Literal-Minded

Linguistic commentary from a guy who takes things too literally

Absence of Non-Overnegation

Posted by Neal on December 4, 2007

“Whew!” my wife said. “That’s something you get used to not smelling.” It was the second day of our weekend trip to Las Vegas, and we had just walked through another pocket of cigarette smoke on the casino floor. There’s been a ban on public indoor smoking in Ohio since May, and a local ban for longer than that in the area where we live, so we’d had plenty of time to get used to not smelling cigarette smoke. To tell you the truth, it hadn’t taken very long at all.

“No kidding,” I said. “So…

…you miss not smelling it?

“Uh…?” she answered.

Wow. I learned several years ago that for my wife, miss not [verb]-ing and miss [verb]-ing mean the same thing. But I’d wondered: If the context demanded it, could she could still get the compositional (i.e. literal) reading of miss not [verb]-ing? Some people can. There’s me, of course. And in Mark Liberman’s post from 2004 (which I linked to in my last post on this topic), he found that two out of ten randomly selected examples had compositional miss-not. To Liberman’s non-overnegations, I’ll add this one, which I found in the book I’ve been reading to Doug and Adam at bedtime:

The mood in their meeting that night was subdued: no bickering, no laughter, only a general feeling of grim resolve. Now that the children finally knew some things, they all rather missed not knowing them.
(Trenton Lee Stewart, The Mysterious Benedict Society, 2007, p. 253)

In fact, it was that example that had put me on the lookout for other situations where compositional miss-not would make sense, so that I could so smoothly and naturally work it into my conversation during the weekend. Yet even in that perfect context, the smoothly and naturally worked-in compositional miss-not crashed and burned when my wife tried to parse it. When she read the draft of this very posting, the sentence still struck her as a complete non sequitur in the conversation about cigarette smoke. But if we’re talking about, say, the homemade bread her mom used to make every week, the bread that smelled so good and which she hasn’t smelled for so long, then You miss not smelling it makes perfect sense to her. And, she adds, so does You miss smelling it. To express that someone prefers a former state of affairs, in which they would not do a particular thing, to the current state of affairs in which they do do that particular thing, she just has to find another means, like the workaround I just used, or by saying something like what she actually said on the casino floor.

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6 Responses to “Absence of Non-Overnegation”

  1. Glen said

    Man, I’m a prescriptivist on this one. If smart people like your wife are now unable to comprehend the compositional/literal meaning of “miss not smelling cigarette smoke,” then I say over-negation has gone too far!

  2. Neal said

    Well, perhaps I was too hasty in concluding that she could never get the compositional reading. After all, it was on the basis of one event, and looking back on it, maybe I didn’t work it into the conversation so smoothly after all. To wit, I said, “No kidding,” which means I agree with her, which implies I must have understood what she said. But if I already understood it and even agreed with it, why then go back and ask for verification by saying, “So you miss not smelling it?” The conversation in that regard was not natural. Also, she didn’t say anything about the example from the book, but that one had not emphasized, so maybe she can get the compositional meaning only when it’s clear that the speaker is focusing on the negation and therefore doesn’t intend the sloppy/idiomatic meaning.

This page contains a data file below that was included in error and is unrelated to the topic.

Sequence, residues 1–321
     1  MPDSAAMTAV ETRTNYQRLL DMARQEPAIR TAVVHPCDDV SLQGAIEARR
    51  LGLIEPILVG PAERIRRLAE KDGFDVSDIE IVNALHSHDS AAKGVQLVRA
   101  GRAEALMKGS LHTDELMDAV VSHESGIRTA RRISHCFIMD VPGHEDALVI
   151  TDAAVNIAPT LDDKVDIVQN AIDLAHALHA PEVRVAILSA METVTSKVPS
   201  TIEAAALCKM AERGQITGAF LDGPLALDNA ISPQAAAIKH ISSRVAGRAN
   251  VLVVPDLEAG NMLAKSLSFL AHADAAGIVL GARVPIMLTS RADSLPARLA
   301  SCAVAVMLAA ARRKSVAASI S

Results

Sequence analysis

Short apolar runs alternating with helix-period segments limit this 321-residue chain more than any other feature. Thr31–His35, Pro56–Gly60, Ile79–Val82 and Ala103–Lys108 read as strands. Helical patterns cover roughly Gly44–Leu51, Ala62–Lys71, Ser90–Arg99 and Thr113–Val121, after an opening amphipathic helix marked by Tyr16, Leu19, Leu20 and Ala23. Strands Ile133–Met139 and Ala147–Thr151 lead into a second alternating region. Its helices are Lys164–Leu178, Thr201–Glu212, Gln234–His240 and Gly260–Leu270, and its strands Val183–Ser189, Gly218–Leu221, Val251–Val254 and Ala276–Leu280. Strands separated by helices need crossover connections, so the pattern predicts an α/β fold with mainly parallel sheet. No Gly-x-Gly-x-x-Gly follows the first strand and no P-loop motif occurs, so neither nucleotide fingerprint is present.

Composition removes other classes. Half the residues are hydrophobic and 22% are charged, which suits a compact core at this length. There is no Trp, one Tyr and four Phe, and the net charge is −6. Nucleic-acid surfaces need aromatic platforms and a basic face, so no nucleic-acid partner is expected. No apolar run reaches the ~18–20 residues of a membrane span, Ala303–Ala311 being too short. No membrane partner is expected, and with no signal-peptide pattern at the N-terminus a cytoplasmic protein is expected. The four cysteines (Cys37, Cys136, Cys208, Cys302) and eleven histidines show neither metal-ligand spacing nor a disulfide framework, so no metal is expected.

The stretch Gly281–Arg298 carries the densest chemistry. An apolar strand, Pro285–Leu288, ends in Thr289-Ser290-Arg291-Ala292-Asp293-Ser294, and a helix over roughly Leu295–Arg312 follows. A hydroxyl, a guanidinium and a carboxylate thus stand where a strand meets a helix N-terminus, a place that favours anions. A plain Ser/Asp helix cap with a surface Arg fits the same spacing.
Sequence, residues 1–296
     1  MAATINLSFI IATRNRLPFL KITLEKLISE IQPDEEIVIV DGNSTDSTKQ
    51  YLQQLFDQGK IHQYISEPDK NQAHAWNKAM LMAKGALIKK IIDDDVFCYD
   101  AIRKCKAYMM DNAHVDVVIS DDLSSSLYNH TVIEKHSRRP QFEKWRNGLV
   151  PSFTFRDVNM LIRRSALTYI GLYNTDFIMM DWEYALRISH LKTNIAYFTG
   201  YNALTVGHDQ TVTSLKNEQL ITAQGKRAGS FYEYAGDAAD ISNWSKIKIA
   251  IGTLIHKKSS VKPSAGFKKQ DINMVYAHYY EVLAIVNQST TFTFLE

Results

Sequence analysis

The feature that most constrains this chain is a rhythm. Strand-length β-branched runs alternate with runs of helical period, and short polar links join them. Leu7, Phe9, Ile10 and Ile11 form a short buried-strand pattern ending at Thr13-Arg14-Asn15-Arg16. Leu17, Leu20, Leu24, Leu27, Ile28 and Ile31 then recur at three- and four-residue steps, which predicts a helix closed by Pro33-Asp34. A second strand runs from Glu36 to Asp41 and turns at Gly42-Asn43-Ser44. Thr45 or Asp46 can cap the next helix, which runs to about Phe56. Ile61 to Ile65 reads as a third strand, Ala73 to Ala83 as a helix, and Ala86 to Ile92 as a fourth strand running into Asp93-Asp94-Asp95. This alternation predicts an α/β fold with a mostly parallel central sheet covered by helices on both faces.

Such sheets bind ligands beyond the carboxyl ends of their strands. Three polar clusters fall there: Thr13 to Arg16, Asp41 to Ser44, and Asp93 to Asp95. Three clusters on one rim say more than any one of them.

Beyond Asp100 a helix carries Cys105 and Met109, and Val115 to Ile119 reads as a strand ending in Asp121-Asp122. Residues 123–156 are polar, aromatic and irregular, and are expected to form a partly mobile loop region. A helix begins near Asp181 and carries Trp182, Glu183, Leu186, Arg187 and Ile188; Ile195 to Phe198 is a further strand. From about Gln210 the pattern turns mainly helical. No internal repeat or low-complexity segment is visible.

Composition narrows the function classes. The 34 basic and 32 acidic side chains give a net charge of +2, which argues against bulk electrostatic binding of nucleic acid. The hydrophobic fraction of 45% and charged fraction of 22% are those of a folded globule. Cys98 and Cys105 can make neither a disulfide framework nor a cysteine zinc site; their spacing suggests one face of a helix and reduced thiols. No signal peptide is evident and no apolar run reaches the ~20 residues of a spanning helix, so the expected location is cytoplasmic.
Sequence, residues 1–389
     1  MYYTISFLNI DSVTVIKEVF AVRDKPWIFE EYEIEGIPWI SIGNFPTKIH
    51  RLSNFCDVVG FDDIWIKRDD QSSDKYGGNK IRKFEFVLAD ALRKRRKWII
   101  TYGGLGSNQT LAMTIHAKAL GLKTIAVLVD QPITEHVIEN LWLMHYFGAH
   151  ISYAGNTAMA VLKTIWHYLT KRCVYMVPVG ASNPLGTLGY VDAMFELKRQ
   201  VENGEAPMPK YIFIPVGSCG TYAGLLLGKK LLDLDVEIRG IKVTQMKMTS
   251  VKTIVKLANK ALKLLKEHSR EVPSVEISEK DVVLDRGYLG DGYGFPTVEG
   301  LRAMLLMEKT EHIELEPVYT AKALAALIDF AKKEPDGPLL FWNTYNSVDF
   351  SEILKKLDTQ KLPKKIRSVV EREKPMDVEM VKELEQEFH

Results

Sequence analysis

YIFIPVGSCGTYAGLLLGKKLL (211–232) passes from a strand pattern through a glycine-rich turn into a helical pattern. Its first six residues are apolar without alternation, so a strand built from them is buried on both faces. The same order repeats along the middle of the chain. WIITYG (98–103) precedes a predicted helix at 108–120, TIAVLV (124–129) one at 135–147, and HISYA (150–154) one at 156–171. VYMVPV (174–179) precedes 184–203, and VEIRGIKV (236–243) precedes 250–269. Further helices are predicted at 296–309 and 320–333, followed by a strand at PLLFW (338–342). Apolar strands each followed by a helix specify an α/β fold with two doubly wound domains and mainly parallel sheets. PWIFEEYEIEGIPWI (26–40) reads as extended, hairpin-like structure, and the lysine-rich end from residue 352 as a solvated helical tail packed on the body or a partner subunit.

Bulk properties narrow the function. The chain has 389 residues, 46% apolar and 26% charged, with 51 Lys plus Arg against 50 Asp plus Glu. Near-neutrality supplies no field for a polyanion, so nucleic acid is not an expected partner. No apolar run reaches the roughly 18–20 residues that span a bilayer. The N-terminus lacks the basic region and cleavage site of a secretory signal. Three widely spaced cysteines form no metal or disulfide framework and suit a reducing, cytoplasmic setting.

3. Ellen said

    Am I not reading this all closely enough? She said “That’s something you get used to not smelling.” She might usually say “miss not…” but she didn’t here. What she did say here makes sense to me. She had gotten really used to going out and not smelling cigarettes in the air. And then smelling them again made her realize how accustomed she’d become to not having to. Also, if you moved to Vegas and then started smelling cigarettes but you could still remember the days of not having to smell them, I could see “I miss not smelling them” being a reasonable phrase.

  4. Neal said

    Right, what she said with get used to made perfect sense. It was my rephrasing with miss that fell flat. Its compositional meaning makes sense in the same way as the get used to not smelling sentence did, but the only reading your sister-in-law got was the idiomatic “miss smelling” reading, which of course makes no sense and therefore led to her confusion.

  5. Viola said

    I can see the obtuse question mark above your wife’s head as you slipped in the “miss” question! Like, “Okay, are you putting words in my mouth?” I say that simply because both you and your wife’s phrases have two complete different meanings, with the exception of the over-negation. We do this all the time in conversations with spouses without even realizing it. I have to agree with Glen that over-negation can be extremely confusing due to the fact that human nature will immediately look at the “not’s, no’s” and so forth and focus on the negative rather than the true meaning of the conversation. Your wife is not average by any means, and I applaud her for her quick-witted nature in over-looking the over-negation to the real meaning of the conversation when it turned a different direction.

  6. […] of my earliest posts was on the strange negation in the miss not doing construction, and I wrote about it again in 2007. Now Mark Liberman has a post on Language Log on the history of this […]

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